Windblown Changes

There’s a window at the coffee shop I work at. Behind the barista’s counter, behind the dishwasher, there’s one, big window facing Lake Michigan. In the summer, the baristas gather near the window during lulls, hoping for a cool breeze, some relief to the beating heat. The window was wide open then, with a barely-there screen separating the outdoors to those stuck inside the working walls of espresso machines and surly customers. During the summer, the window stays open all the time. It has to be jimmied shut (I mean, I’ve heard a hammer and a crow bar are sometimes necessary) so we aren’t allowed to close it. No questions asked, the window stays open until it gets cold. Sort of like turning on your heat, you wait until you just can’t wait anymore, probably when there’s already a foot of snow, a frost advisory, and you’ve had to shovel once so far. That’s how our window is, once we close the window, it stays shut for the winter.

Last week, I came into work and it was some time before I noticed something was different. The other baristas swore everything was the same, but I had this feeling, something was out of place. And then I saw it… the window. The window was closed.

I am a little embarrassed to admit it, but my heart twinged a little. I was hurt. The window was closed and no one told me? How did this happen so soon, it’s only November!

Later, I found out the owner had walked behind the counter one night when the weather dropped below 40 and made the executive decision to shut the window. Obviously, she didn’t need my new-employee approval to close the window, but she could have asked, right?

I don’t mind change. I actually kinda like it. The newness, the fresh looks, the brand new challenges that change bring, they keep me on my feet. But I only tend to like change when I know it’s coming, when I have time to talk myself into it, consult my faithful lists, and prepare accordingly. When I know it’s coming, I like change.

Somehow though, every year, more specifically every three or so months, I’m surprised by seasonal changes. They hit me like a slap in the face. *Ouch* How come no one told me it was already time for the leaves to start falling? Or, I didn’t get a personal invitation to spring? Or, I just wasn’t ready for the window to be closed. The kind of change that hurts.

Graduating college felt something like that. Sure, it was inevitable for me, like the seasons, but I just wasn’t ready yet. I wasn’t ready to actually see the window be closed, even though each of the baristas had told me at one time or another that we don’t touch the window and when the boss finally does, the window is closed for good. I wasn’t ready to actually graduate and find my successful, career footings, even though professors and meetings and final exams were all building up to the culminating graduation. I just wasn’t ready yet.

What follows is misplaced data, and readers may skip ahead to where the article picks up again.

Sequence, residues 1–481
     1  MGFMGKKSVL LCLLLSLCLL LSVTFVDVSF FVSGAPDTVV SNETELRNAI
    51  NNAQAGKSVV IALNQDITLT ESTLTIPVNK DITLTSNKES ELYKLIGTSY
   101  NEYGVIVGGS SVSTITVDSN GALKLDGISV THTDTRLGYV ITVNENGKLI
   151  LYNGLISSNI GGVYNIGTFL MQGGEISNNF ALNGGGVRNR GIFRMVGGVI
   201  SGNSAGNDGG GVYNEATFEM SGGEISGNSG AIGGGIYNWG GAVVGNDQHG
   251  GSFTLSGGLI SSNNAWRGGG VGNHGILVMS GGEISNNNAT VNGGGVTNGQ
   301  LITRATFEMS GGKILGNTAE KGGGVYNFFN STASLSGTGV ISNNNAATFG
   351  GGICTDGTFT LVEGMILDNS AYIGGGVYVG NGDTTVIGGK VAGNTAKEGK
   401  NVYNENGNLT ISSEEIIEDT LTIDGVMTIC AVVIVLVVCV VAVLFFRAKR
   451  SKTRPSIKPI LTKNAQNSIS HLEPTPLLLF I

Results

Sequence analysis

Yes, I had time to prepare. Plenty of time in those four years, actually. It happens to other people all the time! They graduate, they find jobs, they move on. So how is it different with me? I had my trusty lists, I talked myself into it, but then what? Then I got rejection email after rejection email. One after another, employers were passing on what I had to offer. My encouraging motivation and excitement for finding a steady, full-time job was thrown into the wind with each “Thank you for your interest, but…” line I read. I just wasn’t ready for that yet.  No one told me what to do if I can’t find a job. No one prepared me for how to get back up on your feet after hearing so many reasons why I’m incompetent or unqualified. No one told me what to do or how to handle this seasonal change.

I shouldn’t be expecting a personal invite to winter, like I shouldn’t be expecting a handwritten instructional guide to “the post-college, job-searching, in-between-life” months (or years). It just happens. And when it does happen, we figure it out.

Sometimes seasons change, whether we are ready or not, and sometimes we work at coffee shops with windows that shut. We put on a coat, we apply for another dozen positions, and we keep going.

___

P.S. I probably should mention, as you may have noticed already, I changed my blog’s name (yes, again). The title now reads, “Steeped in Sunshine.” The phrase comes from Charles Dickens’ Oliver Twist:

“Spring flew swiftly by, and summer came; and if the village had been beautiful at first, it was now in the full glow and luxuriance of its richness. The great trees, which had looked shrunken and bare in the earlier months, had now burst into strong life and health; and stretching forth their green arms over the thirsty ground, converted open and naked spots into choice nooks, where was a deep and pleasant shade from which to look upon the wide prospect, steeped in sunshine, which lay stretched out beyond. The earth had donned her mantle of brightest green; and shed her richest perfumes abroad. It was the prime and vigour of the year; all things were glad and flourishing.”

More than Dickens poetic description – and my love for a well-steeped tea – I know all too much how the sun and the seasons can affect moods and emotions. I think rain or shine, snow or sleet, our lives have the opportunity to feel steeped in all the sunshine life has to offer us. We can live each day as if it’s the sunniest, most perfect day there ever was, and that’s how I want to live: Steeped in Sunshine.

Thanks for reading today, on this ironically dreary day.

-Al

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